Random set of the day: Metro Park & Service Tower

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Metro Park & Service Tower

Metro Park & Service Tower

©1988 LEGO Group

Today's random set is 6394 Metro Park & Service Tower, released in 1988. It's one of 21 Town sets produced that year. It contains 620 pieces and 6 minifigs, and its retail price was US$58.25.

It's owned by 2047 Brickset members. If you want to add it to your collection you might find it for sale at BrickLink or eBay.


 

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28 comments on this article

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By in Australia,

Just an excellent set. Has everything you could ask of it. One of my all time favourite town sets

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By in United States,

$58.25?? What’s that look like inflation adjusted?

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By in New Zealand,

That was the first set that I found with a faulty deformed part. Was bought in Australia for me so had to contact LEGO Australia for a replacement part.

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By in Canada,

Always wanted this as a kid...

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By in United States,

This set was one that was not in stores anymore by the time I was a serious Lego maniac, but annoyingly was in all the catalogs still. A truly great set, one of the first I picked up when I left the dark ages. It just has so much play value built in and the colors are perfect.

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By in United States,

Always wanted this set! It looked such a great set and so much fun in the advertisements!

$58.25 in 1988 is the same as $121.11 USD in 2018. Which at 620 pieces works out to be 19.5 cents/piece.

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By in United States,

@Teriyaqi: according to the US Inflation Calculator, this set would cost $123.37
In today’s dollars.

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By in United States,

^^$123.37, though restlically, would be an $80-90 set today.

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By in United States,

TWO BASEPLATES!!!!
They don't make 'em like this anymore.

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By in Australia,

I actually don't own this one ... but my cousins got this as a Christmas present one year, and I was quite envious. That big parking garage is just gorgeous. And yeah, two baseplates.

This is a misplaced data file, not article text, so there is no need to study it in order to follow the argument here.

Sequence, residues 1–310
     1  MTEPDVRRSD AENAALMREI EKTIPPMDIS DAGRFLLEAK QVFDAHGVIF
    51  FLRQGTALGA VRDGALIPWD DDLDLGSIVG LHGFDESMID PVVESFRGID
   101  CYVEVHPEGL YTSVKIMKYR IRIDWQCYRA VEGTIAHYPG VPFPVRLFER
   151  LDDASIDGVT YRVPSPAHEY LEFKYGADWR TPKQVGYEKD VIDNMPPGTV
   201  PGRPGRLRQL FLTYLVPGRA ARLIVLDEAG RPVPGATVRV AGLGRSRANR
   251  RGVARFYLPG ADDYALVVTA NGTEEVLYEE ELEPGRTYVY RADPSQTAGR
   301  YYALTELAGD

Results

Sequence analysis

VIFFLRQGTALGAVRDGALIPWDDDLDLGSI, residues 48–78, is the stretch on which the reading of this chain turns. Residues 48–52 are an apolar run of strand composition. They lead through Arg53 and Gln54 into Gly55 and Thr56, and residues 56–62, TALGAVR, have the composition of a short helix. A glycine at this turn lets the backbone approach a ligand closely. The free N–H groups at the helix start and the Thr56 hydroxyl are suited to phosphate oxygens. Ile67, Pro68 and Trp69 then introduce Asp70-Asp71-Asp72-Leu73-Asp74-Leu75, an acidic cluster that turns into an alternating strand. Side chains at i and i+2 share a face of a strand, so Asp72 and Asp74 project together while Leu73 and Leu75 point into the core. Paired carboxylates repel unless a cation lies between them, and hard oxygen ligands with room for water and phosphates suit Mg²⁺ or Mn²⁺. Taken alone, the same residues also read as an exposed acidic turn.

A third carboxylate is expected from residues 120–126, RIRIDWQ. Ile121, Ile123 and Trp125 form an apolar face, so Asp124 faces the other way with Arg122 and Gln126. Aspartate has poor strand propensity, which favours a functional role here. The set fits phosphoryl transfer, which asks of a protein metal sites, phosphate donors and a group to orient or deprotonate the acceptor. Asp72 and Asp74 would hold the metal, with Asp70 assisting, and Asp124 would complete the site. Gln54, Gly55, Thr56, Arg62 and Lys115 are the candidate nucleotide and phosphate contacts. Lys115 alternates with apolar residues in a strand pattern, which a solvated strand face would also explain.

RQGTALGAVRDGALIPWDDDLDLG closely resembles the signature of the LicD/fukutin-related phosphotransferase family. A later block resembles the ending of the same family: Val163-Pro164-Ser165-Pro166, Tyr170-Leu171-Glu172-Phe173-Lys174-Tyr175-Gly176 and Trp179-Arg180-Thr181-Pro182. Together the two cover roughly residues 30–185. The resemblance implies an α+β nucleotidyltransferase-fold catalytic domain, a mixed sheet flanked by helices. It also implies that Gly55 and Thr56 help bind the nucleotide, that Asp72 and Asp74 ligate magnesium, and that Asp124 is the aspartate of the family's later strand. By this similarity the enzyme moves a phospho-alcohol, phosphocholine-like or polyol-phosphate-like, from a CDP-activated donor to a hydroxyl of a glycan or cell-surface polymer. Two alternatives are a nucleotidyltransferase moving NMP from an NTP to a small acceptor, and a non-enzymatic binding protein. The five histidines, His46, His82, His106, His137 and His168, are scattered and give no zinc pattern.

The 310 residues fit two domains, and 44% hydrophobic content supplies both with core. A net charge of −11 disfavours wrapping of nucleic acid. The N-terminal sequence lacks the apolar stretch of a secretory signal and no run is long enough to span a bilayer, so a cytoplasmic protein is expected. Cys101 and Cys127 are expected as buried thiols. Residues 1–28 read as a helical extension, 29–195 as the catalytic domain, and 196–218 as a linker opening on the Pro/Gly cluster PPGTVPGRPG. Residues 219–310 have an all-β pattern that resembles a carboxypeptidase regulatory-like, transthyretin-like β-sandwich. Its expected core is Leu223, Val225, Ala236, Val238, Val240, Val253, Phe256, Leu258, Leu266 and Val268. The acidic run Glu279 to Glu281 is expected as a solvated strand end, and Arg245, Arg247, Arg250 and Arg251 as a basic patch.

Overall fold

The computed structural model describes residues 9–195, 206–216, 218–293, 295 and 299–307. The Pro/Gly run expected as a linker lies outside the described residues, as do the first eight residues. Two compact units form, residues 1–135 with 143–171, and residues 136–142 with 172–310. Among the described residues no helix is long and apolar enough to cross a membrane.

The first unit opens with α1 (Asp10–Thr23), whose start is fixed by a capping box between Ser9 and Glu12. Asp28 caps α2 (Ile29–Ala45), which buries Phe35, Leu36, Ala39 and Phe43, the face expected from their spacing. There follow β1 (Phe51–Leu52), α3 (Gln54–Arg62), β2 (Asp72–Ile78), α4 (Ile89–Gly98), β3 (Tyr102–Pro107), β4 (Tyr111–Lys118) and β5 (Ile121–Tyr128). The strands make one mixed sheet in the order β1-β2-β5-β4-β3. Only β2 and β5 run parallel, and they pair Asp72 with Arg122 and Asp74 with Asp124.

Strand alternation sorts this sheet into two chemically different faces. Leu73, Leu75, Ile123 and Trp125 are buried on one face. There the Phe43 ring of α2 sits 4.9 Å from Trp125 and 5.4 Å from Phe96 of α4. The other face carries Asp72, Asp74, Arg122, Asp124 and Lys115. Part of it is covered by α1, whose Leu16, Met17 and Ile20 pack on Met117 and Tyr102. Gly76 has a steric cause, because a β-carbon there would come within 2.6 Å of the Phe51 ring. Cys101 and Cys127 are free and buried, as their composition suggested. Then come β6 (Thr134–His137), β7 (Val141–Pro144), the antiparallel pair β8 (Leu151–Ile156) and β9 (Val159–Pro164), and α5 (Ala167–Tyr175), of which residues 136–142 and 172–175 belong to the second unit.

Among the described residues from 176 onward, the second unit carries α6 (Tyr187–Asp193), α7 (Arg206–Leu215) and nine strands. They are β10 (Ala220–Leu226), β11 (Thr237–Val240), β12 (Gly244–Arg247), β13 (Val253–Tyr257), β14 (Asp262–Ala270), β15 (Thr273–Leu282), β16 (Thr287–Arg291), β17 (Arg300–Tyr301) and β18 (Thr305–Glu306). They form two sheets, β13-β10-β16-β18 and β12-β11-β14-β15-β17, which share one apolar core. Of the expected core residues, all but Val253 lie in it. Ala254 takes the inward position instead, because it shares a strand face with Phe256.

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By in Germany,

I have it! One of my two favorite sets. So much playability, a design that is still modern today, loads of cars and minifigs, that elevator, the hinges to make a drive through out of it, the car wash and as stated above: two special baseplates. I even still have the box. The day will come I rebuild it with my daughter.

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By in Germany,

And just look what kind of size you got with just 620 pieces. Nowadays that's almost eaten up when you build two to three little Speed Champions cars!
Just look at 75875 for comparison. More pieces, much less substance.
True, modern sets have more details and greebling, but I much prefer the substantial structures (and baseplates!) of old. Think of it, this set gives you four vehicles, a gas/petrol station, a car wash, plus a complete multi-storey car park for crying out loud.

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By in Germany,

Christmas '89. I was 5 when I got this. :)

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By in United Kingdom,

what a lovely set it was - great concept and execution.
still no Octan parking lot ;)

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By in Norway,

Omg, I love this set!! Bring it back :)

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By in Croatia,

Got this set 10 days before article came. All minifigs and base plates and many of bricks . Only it came in lot of 12kg , space,castle and city from 1980 ;) so will need to order bricks to get it to full glory ;)

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By in United States,

I really want a copy of this set. It's very difficult to find a complete used copy that has all the parts and stickers intact, and I'm not willing to shell out for a sealed copy (yet...). Will be a great addition to my future Town layout for certain.